Thus if you're in a very restrictive state and buy a vehicle that gets 10 MPG you pay additional taxes to both the Feds and the state. If you buy a vehicle that gets 20 MPG there is no tax or incentive from the Feds but there is a tax from the state. If you buy a vehicle that gets 50 MPG there would be an incentive from the Feds but none from the state. Buy a vehicle that get 65 MPG and you'd get an incentive from both the Feds and the State.




By Philippine Mango on 6/2/2011 3:42:36 AM , Rating: 2
quote:
If a company wants to only build and sell cars that get ONE mile per gallon and people want to buy it then they pay a hefty tax to do so. That is the buyer's choice. They are using up a resource and poluting at one mile per gallon. They can to pay because of that choice. However there is no one telling the car manufacturer that they can't produce that car.

That's how the current CAFE standards work you artard.. These federal fuel economy standards do not prevent any auto manufacturer from producing a vehicle that gets fuel economy worse than a certain figure.. all it does is "tax" them for every .1mpg under the designated figure they go. The more you go under the figure, the more you pay.. And then on top of that, we have the gas guzzler tax which is a penalty assessed on top of any CAFE penalties the company may or may not be assessed. If this wasn't true, why is it you can still buy a CAR rated at 14mpg today? (Cadillac CTS-V with the 6.2L engine and supercharger) or a Bentley (8mpg) or a Ferrari Scaglietti (11mpg)? Automakers obviously don't like CAFE standards because it forces them to make fuel efficient vehicles. If the fleet of vehicles they have gets below the designated figure, they get penalized and in a market that has very small margins, any cost increase is a big penalty to them which is why they do what they can to avoid them..(At least all the big manufacturers try to)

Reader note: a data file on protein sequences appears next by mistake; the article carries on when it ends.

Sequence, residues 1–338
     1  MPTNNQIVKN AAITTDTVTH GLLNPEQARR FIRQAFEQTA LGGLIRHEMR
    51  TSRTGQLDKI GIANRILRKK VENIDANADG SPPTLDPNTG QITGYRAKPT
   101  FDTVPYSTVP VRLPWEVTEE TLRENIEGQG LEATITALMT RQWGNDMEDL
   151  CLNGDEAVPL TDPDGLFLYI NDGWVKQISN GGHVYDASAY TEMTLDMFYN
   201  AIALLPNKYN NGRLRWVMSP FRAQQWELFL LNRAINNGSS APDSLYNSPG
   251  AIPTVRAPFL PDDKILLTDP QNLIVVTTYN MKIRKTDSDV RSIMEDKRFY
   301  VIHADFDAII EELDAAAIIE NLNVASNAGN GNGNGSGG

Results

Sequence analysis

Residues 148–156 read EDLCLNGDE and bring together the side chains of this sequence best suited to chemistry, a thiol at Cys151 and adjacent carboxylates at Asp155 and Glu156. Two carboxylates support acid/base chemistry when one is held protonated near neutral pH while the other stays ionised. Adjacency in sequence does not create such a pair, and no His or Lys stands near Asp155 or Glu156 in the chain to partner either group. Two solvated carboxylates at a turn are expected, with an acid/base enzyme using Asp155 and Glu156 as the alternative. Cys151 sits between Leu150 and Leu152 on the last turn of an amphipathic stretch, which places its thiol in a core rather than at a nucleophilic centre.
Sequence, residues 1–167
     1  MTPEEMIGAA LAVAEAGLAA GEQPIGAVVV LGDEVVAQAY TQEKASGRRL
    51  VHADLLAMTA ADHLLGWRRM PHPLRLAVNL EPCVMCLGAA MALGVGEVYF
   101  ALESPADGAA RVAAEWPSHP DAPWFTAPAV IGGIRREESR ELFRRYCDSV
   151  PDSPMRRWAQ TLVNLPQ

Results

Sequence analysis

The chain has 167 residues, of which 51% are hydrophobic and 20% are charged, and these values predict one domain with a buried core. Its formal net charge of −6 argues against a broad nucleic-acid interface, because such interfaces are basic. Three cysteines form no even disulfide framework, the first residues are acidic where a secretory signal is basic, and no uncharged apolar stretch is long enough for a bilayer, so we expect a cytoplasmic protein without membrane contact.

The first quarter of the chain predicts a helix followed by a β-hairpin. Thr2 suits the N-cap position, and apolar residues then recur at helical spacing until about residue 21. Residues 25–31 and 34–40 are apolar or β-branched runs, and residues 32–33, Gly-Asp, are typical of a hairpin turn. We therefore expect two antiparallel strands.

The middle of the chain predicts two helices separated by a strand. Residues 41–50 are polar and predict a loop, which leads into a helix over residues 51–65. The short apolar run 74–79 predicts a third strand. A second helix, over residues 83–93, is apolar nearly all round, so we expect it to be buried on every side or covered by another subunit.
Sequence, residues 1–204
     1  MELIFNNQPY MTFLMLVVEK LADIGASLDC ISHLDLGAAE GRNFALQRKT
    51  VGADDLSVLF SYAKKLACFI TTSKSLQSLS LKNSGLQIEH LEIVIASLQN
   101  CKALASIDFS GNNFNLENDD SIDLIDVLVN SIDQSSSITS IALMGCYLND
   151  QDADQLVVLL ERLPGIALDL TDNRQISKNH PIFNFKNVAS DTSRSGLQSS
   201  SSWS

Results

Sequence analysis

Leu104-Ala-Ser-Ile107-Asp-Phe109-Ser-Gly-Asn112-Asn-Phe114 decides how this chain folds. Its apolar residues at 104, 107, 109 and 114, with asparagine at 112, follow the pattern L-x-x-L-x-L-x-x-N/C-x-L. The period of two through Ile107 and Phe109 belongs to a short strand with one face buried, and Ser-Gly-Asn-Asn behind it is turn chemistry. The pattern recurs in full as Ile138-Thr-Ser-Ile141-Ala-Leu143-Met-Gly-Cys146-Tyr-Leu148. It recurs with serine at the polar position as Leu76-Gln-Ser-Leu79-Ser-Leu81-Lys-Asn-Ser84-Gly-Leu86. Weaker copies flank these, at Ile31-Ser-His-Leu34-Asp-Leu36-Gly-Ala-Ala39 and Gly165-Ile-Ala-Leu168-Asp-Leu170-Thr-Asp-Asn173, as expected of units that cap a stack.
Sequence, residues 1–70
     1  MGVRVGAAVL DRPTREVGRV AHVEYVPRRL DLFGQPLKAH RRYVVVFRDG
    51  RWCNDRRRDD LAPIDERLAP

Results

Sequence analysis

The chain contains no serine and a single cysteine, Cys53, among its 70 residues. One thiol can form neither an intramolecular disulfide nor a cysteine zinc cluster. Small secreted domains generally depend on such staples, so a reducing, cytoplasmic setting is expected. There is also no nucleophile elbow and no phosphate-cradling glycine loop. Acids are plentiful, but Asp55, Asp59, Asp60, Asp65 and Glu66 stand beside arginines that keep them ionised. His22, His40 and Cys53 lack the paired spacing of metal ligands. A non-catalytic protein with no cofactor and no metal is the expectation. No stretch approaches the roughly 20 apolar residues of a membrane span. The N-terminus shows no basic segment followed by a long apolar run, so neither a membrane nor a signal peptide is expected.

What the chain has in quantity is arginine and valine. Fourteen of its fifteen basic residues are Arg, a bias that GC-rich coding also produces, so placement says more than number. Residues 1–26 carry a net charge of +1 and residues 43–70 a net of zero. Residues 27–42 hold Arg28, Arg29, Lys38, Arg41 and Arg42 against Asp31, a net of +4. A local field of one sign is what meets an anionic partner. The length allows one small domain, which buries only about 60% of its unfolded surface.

It's complete ignorance
By Beenthere on 6/1/2011 12:45:33 PM , Rating: 2
It's complete ignorance to have state mandated fuel economy or emission standards in this day and age. It raises the cost to develop cars (and fuel), and consumers pay for the political grandstanding.

Ethanol has always been a lie and again consumers pay for this foolishness while a few in the corn belt reap huge profits. It's complete insanity.

Ford more than likely wants to end their flex-fuel development to push EVs. Unfortunately EVs only make sense for city dwellers. Hybrids are the most practical for eveyone else.

It's worth noting that our politicians are destroying America day-by-day.




I'm confused
By sleepeeg3 on 6/1/2011 1:43:34 PM , Rating: 2
So the federal government can regulate emission standards and the states can also. Yet the federal government can regulate illegal immigration, but the states are not allowed? How does that work?

Isn't there something in the Constitution about the powers not delegated to the Federal government being reserved for the states/people? Sounds familiar...




Ethanol Joke Special
By Raiders12 on 6/1/2011 1:44:56 PM , Rating: 2